Valencia MotoGP: Bridgestone Qualifying Report

MotoGP Finale

Casey Stoner secured his fourth pole position of the season Saturday in the last MotoGP qualifying session of the year at Valencia, and his last with the Ducati Team.

Quick all weekend, Stoner’s third lap of the 45 minute session was just 0.002 seconds from the fastest of the weekend and when he switched to a softer option rear slick at the end of the session, his Valencia times tumbled and he finished almost 0.8 of a second faster than the circuit lap record.

Fastest for the some of the MotoGP qualifying session was Jorge Lorenzo who ultimately had to settle for second on his Fiat Yamaha machine. The World Champion also used a softer rear slick towards the end of the session to finish 0.3 of a second adrift of Stoner.

In third place was an impressive Marco Simoncelli who enjoys his first MotoGP front row starting position.

The top seven MotoGP riders all lapped faster than the existing lap record, indicating how well Bridgestone’s softer option rear slicks are performing here at Valencia. Most MotoGPriders started the session using the harder option front and rear slicks and race pace was good, but after switching to the extra grip of the softer option rears the times really fell.

Track conditions were again good today and as the temperature rose into the afternoon’s qualifying riders favored the extra stability of the harder front slicks. Using the softer rears, laptimes were fast; with the use of Bridgestone’s extra soft compound rubber here at Valencia this year the top three MotoGP riders were all faster than last year’s pole time.

Tohru Ubukata (Manager, Bridgestone Motorcycle Tire Development Department) says: “This morning the MotoGP riders tested tire degradation of the softer option slicks and durability over race distance, and some also checked the performance of the harder options even in the cold conditions, when track temperature was just 17 degrees Celsius. Whilst the softer options provided more grip, both specs worked well and we could confirm that even the softer options have good consistency over race distance.”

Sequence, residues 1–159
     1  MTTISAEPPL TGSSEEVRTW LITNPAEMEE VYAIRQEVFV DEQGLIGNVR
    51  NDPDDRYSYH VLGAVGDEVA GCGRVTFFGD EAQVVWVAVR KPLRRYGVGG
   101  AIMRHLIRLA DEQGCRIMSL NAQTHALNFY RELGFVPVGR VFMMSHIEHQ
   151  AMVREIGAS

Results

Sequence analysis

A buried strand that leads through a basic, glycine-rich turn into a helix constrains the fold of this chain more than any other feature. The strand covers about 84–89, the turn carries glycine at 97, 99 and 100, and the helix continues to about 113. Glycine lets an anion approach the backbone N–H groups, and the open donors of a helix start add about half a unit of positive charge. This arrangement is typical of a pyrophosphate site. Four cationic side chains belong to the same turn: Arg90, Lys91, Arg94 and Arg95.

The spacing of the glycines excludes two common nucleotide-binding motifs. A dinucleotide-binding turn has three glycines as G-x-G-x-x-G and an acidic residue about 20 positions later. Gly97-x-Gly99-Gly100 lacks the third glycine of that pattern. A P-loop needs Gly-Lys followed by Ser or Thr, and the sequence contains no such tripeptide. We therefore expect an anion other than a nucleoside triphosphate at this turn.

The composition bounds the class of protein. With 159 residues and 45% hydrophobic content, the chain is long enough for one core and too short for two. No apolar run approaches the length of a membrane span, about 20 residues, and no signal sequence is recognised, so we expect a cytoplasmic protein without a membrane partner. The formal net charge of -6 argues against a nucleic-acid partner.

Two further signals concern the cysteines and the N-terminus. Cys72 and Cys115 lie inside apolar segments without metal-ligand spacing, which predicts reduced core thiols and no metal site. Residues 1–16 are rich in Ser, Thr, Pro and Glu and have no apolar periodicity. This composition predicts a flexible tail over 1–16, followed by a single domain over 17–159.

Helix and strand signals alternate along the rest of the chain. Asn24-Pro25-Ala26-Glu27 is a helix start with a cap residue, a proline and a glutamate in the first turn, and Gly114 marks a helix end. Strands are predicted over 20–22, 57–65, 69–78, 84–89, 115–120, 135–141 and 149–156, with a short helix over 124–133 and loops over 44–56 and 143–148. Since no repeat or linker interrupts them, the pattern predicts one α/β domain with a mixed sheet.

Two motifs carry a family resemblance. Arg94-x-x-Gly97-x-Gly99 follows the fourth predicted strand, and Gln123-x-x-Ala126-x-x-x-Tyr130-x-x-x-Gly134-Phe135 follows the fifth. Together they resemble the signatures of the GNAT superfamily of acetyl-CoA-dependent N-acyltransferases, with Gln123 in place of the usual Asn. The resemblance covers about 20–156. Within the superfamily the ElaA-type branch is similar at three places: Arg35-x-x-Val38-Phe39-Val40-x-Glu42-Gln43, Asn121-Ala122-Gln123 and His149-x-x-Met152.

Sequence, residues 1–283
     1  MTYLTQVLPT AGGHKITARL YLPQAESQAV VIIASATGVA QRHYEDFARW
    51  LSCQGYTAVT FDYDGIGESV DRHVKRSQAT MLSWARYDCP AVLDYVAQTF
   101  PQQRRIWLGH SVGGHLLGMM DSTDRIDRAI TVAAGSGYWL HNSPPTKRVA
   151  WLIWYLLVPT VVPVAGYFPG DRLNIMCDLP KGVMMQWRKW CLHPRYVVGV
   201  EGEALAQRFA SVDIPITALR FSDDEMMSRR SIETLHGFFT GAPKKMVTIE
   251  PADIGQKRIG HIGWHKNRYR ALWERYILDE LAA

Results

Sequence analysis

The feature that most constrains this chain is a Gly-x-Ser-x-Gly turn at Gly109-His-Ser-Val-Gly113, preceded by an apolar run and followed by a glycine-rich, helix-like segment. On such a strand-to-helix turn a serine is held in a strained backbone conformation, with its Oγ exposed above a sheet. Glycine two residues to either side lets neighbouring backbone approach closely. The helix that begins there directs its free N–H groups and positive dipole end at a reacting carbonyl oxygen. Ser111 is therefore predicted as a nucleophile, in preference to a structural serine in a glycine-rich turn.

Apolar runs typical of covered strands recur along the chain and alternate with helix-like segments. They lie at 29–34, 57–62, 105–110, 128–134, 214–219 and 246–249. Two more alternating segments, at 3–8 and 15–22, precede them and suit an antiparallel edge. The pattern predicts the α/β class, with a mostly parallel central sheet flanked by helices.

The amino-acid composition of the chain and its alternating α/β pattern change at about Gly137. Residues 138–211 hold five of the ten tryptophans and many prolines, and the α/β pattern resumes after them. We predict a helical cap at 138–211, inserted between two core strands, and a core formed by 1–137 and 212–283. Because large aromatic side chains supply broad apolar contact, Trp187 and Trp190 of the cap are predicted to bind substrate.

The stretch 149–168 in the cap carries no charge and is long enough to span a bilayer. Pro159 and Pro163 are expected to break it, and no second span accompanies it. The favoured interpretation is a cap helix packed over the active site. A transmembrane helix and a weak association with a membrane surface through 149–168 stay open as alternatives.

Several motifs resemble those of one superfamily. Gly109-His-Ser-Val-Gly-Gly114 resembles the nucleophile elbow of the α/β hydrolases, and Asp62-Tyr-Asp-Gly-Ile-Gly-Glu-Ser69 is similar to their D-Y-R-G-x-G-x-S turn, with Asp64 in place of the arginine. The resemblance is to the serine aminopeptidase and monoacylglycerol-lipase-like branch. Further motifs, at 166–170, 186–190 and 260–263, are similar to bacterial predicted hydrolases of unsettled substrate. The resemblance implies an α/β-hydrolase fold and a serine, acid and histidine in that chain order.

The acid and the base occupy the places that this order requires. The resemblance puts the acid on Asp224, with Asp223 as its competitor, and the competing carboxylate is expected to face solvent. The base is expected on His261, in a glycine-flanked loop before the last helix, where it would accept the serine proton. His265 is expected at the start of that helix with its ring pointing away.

“This afternoon in qualifying many riders checked the harder options for their initial grip performance in the hotter conditions to assess whether they will give a performance advantage over race distance. Finally, the top ten all set their best lap times using the softer rear and performance was very good with the top seven riders all under the lap record.”

“The top three riders are also all faster than last year’s MotoGP pole time, and we can attribute this at least in part to the extra soft compound rubber we are using in the softer option rear slicks this year.”

“Based on today’s result, I can say that the harder option front will be favorite for the race for its added braking stability, whilst rear tire choices will be more mixed depending on whether riders want the better grip of the softer option or the added stability of the harder.”

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One of the few moto journalists based on the East Coast, Ron Lieback joined the motorcycle industry as a freelancer in 2007 and is currently Editor at Large at Ultimate Motorcycling. He is also the author of 365 to Vision: Modern Writer's Guide (How to Produce More Quality Writing in Less Time).